Those expecting to find Regulators joining the Whigs en masse will be similarly disappointed. It is true that many did fight for the Revolution, but at the outset their allegiance was split. At the Battle of Moore’s Creek, loyalist ranks were filled out by many former Regulators. One former Regulator, John Pyle, was captured at Moore’s Creek, sat out most of the war, and then raised another group of Loyalist volunteers in 1781. His force mistakenly rode into American cavalry and were slaughtered at “Pyle’s Massacre.” One former Regulator said after the war, “I have fought for my country, and fought for my king, and I have been whipped both times.”
The Regulators have the blessing and the curse of leading a significant uprising that took place as North Carolina sat on the brink of revolution. Their proximity to the revolution raises their notoriety, but that proximity leads to simplistic explanations of a complex movement. Because their fight against government corruption occurred when a royal governor was in charge, the two are easily conflated. To put it in context, the roots of the Regulator movement first emerged the same year as the Stamp Act, when farmer and teacher George Sims gave an address to the citizens of Granville County urging them to organize against corrupt local officials. Governor Tryon’s first militia expedition to quell the unrest came in 1768, the year after the Townsend Acts. And the final confrontation at Alamance took place a year after the Boston Massacre. It is easy to see why the Battle of Alamance is so easily conflated with revolution. It is squarely within the revolutionary era, even though these parallel movements developed largely independent of each other.
And yet the “first battle” claim is the result of a thorough and lasting rebranding. In the years after the Battle of Alamance, North Carolina’s elite attempted to move on from the Regulator movement. They defended their actions in crushing the movement to outsiders like Josiah Quincy, and looked toward a revolution driven and controlled by the elites, not by poor farmers. It was only after American victory in the war that the Regulators—called “insurgents” and “rebels” in 1771—were reframed as early revolutionaries. And the volunteers of Tryon’s militia became the faceless redcoat-clad enemies of American freedom.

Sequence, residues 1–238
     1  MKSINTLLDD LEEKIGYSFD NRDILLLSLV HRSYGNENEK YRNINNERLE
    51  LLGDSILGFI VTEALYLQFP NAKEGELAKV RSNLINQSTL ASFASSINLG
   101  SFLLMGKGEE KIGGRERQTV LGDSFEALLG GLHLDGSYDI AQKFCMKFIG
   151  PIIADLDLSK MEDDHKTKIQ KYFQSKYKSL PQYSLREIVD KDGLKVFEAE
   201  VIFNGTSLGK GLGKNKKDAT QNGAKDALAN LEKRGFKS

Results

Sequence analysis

North Carolinians, perhaps feeling that New England received too much attention for the start of the American Revolution, grasped onto Alamance as the unsung first fight for freedom. When a monument was proposed and built by the locals of Alamance County in 1880 —named for the battle—it read in part: “Here was fought the Battle of Alamance, May 16 1771, between the British and the Regulators.” The rebranding was complete.
Today, 250 years on, Alamance Battleground State Historic Site is trying to change this narrative, but we have our work cut out for us. The real story is not as easily told. It is far more complicated and lacks a simple ending. In embracing our complicated story though, we can see echoes of the same issues that drove the Regulator movement throughout American history. In some cases, this link in post-revolutionary history is incredibly clear, such as in the Whiskey Rebellion, led in part by former Regulator leader Herman Husband. In many ways the North Carolina Regulation bares a stronger resemblance to the Whiskey Rebellion, Shays Rebellion, and other backcountry agrarian insurrections than it does to the American fight for independence. Those battles marked the early conflicts in America’s struggle over representation, economic security, the relationship of the American people to their government, and that government’s response to popular protests. Though it took place before the creation of an American nation, the battle at Alamance should be remembered as an American story, and an early battleground in that American struggle.